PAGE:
God’s Knot and other Unity Rituals

While it’s usually me suggesting the ideas, and that is, after all, my job – from time to time couples come to me with a request for a specific ritual for their wedding ceremony. Perhaps they saw or read about it somewhere.  There are many ways to find  this stuff, especially on the internet, whether Pinterest, Instagram or other on-line sites we can go to for inspiration. 

One example was a request for a ‘God’s Knot.’ It’s a simple but clear concept. It consists of three strands of cord – purple, white and gold – attached at one end and open at the other so the couple can weave it together. Sometimes called a Unity Braid or the Cord of Three Strands, it symbolizes the joining of one man, one woman, and God into a marriage relationship. The gold strand represents God, the purple one is for the husband and the white strand is for the bride. You do this together, right in the ceremony. Of course, there is text to accompany it, so people understand what they are doing.

This ritual can be very religious, or it can be stated in a simpler manner, still with clear a reference to religion. The couple I worked with wanted to keep it more on the minimal side, and they especially liked how it shows cooperation. Any ritual that involves both partners doing something together is always good in my book!

The ritual in action. (Kiwi Photography)

A similar ritual is the Unity Cross – another one a couple brought to me. This involves a sculpture of sorts, one that the couple assembles during the ceremony. The groom places the outer part of the cross onto a base or into a frame and the bride adds the pieces that fit inside it. You have a nice keepsake to remind you of your wedding day. Like a unity candle you can add family members, for example mothers can bring sections of the cross if you buy a set that accommodates that. This is something you’d have to purchase, unless you or someone you know is a fine woodworker.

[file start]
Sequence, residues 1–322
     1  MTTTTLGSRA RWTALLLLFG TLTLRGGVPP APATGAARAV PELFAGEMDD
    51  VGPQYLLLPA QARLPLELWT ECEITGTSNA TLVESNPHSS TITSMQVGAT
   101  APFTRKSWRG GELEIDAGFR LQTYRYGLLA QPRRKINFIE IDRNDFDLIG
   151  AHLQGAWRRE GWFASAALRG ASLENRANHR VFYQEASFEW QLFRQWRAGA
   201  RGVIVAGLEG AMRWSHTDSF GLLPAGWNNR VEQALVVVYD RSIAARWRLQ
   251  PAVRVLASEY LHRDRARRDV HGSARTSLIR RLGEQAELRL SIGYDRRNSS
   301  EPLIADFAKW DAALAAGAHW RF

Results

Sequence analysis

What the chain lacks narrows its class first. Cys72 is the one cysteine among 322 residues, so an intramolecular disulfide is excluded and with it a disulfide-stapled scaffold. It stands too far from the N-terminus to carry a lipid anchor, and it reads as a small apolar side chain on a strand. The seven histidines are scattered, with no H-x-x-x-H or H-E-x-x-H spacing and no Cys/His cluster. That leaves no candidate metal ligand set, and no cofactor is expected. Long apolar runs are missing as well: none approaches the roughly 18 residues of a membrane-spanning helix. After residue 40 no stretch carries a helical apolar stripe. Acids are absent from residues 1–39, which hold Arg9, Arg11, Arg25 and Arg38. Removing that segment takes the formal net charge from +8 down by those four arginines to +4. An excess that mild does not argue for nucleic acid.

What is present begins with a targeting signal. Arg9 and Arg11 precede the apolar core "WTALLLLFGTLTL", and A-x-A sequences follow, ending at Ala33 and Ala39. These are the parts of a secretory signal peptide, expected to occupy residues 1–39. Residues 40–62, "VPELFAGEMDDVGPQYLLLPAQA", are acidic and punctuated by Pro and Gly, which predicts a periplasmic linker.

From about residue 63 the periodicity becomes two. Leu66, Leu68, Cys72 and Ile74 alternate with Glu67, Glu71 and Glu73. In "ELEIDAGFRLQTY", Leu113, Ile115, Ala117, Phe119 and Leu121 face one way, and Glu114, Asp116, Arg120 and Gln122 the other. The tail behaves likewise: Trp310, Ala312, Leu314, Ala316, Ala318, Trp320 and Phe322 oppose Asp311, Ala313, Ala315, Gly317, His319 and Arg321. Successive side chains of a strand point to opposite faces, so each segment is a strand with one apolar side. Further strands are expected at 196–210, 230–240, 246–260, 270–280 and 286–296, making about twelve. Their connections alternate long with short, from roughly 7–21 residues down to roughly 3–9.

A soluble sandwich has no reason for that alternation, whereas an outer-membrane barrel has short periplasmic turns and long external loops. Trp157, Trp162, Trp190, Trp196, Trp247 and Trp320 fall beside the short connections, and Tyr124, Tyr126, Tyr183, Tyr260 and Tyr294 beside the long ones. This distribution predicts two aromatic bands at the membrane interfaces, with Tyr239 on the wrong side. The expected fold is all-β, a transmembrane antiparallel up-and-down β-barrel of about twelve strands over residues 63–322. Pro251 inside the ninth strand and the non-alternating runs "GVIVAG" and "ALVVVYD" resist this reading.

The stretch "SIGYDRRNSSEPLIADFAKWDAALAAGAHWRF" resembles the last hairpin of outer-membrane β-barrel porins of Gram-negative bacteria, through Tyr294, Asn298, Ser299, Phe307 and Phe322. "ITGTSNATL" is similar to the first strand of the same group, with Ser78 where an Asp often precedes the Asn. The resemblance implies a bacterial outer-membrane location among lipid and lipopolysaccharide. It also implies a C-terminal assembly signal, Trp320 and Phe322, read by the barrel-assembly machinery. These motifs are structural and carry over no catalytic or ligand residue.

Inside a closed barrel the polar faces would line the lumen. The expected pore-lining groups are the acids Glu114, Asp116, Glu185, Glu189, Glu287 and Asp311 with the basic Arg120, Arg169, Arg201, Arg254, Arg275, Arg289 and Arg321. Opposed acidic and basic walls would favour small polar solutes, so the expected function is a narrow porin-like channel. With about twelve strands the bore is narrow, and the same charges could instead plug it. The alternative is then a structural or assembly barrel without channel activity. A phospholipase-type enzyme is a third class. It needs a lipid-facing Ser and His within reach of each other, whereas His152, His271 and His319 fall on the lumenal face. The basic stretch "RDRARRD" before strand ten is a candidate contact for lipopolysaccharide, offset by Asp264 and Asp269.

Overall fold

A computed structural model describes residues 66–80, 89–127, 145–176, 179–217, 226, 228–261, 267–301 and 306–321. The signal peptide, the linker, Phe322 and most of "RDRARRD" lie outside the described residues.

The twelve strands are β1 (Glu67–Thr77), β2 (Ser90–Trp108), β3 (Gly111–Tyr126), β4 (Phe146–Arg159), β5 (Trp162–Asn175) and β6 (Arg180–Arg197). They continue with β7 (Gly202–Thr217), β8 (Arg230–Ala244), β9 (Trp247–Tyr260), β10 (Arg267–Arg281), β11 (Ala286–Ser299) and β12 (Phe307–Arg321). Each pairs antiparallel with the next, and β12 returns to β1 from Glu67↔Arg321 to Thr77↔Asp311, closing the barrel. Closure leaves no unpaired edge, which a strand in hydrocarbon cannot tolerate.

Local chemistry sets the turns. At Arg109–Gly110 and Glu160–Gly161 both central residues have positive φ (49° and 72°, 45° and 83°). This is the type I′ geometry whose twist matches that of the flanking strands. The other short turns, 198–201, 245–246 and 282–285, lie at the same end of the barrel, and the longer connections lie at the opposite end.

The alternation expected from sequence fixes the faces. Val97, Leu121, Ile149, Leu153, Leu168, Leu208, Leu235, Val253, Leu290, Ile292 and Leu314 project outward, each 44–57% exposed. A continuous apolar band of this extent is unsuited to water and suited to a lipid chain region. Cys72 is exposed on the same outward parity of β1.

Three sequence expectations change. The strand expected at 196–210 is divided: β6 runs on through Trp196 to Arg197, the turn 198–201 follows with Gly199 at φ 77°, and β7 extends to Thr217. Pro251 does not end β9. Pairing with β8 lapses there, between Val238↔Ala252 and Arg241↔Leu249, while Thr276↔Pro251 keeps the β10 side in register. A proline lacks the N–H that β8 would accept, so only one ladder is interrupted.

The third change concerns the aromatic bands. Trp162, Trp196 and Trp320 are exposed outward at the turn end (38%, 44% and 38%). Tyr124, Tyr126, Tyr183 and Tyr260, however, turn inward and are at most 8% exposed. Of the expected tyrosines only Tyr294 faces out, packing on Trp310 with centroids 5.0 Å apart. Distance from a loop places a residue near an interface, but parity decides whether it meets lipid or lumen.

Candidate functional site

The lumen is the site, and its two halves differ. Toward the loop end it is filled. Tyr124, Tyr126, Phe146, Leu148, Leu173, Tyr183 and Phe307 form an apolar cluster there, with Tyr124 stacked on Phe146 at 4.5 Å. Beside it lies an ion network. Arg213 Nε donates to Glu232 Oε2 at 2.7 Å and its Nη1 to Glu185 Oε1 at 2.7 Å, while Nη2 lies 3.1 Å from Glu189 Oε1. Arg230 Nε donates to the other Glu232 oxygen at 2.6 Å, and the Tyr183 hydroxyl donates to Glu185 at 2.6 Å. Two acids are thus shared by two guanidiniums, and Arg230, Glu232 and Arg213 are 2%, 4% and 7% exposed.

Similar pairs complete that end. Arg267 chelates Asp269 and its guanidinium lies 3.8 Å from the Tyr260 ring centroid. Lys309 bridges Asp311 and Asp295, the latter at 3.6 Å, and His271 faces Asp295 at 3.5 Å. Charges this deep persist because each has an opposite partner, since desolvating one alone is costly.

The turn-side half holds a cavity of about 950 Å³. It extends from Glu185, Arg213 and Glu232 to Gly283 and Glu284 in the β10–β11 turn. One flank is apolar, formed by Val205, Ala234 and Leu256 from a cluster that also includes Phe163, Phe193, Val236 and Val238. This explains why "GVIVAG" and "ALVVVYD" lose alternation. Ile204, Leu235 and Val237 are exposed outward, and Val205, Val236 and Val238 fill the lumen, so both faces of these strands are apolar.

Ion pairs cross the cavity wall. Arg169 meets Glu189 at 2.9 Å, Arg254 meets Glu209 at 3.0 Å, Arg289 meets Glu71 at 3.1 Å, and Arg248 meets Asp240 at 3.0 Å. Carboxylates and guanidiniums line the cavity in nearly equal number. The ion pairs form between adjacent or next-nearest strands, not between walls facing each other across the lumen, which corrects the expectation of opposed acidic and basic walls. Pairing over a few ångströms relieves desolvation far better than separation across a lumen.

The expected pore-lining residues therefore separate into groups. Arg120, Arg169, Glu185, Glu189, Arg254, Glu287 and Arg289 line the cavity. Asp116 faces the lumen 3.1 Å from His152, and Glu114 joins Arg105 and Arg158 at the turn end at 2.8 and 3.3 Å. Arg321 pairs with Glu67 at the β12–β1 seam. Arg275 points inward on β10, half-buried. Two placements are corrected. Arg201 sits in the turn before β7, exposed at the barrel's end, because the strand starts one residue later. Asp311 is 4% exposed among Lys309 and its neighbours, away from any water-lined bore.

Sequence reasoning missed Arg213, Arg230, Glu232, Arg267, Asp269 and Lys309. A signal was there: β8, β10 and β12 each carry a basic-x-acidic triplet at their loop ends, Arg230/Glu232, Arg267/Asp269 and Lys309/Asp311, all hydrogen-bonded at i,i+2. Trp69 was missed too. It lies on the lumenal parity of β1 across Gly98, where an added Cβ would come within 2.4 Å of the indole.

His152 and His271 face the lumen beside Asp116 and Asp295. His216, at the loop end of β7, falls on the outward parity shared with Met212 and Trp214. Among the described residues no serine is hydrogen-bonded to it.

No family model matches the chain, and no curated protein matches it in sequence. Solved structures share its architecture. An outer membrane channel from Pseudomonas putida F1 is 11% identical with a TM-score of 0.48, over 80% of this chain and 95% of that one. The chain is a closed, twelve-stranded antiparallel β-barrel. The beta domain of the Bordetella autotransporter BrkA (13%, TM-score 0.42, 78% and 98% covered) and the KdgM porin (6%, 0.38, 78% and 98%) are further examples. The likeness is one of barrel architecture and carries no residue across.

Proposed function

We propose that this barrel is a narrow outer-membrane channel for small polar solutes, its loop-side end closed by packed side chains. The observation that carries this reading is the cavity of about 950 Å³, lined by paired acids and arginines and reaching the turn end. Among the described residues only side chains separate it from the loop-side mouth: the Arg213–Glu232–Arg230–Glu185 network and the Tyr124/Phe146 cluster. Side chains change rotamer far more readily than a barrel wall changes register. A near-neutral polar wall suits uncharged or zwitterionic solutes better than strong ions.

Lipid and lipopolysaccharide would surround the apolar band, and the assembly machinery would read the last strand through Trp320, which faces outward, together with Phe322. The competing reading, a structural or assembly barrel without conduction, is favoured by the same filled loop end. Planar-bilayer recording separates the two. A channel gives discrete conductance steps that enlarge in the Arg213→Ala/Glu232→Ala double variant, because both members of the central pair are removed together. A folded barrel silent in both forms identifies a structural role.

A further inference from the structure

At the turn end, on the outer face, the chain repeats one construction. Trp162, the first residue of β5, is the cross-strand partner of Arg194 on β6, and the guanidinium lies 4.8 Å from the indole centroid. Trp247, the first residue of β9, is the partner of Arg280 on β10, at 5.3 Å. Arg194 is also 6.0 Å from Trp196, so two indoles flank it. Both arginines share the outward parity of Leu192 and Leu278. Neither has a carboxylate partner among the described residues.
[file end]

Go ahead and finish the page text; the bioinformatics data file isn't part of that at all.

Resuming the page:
Some of the explanations I’ve read for both of these rituals do not appeal to me – they seem a bit patriarchal and old-fashioned. For example, with the Unity Cross, the empty cross represents a strong man, defender of the family, yet incomplete without a woman. And the woman’s part is more delicate and is designed to fit inside the cross shape, with lots of references to God commanding this view of the world. But you don’t have to use this language. I modernized the idea and made the focus a more honoring the Christian faith, commitment to their marriage and again, that cooperation of putting it together. It’s like pieces of a puzzle that fit, exactly how some couples describe themselves.

On example of the many styles of the Unity Cross

I don’t get to work often with unity candles because I officiate so many ceremonies outdoors. 

The language often used for this includes the idea of two becoming one. I find this concept inaccurate. You don’t give up your identity in marriage. What really happens when two people join forces, is that together they create not one thing, but a third thing – something stronger and larger than themselves. 

And candles outdoors just don’t work well. Trust me on this. Even indoors if the space is well lit, you don’t get much drama from a candle.  Now candles at night – that’s another story. And if you do want to use candles, leave them all lit. The candles represent the couple, each partner, and their ‘marriage’ candle, the joining together part. If parents are coming forward to participate, I like having four candles plus the bigger marriage candle. The mother’s pass the flame to their children who then light the larger candle. Don’t blow them out – leave them all burning, it is much more meaningful, symbolic and dramatic. 

Candles makes the best impression when the lighting is correct.
Rob Lettieri Photography

One time for a wedding on a stage (at the Shawnee Playhouse) we set up candles all along the edge of the stage and as each attendant (bridesmaids/groomsmen) entered, they stopped, lit one, and then came up the steps to take their places. This small action illustrated their support, and then the parents, and the couple themselves played a role in this ritual, too.

People are always looking for something unique, but I hope they will look closely at the meaning and decide if it’s just the unique action that is attracting them, or the deeper meaning. 

find me on facebook – Lois Heckman, Celebrant, and Instagram – Lois Heckman

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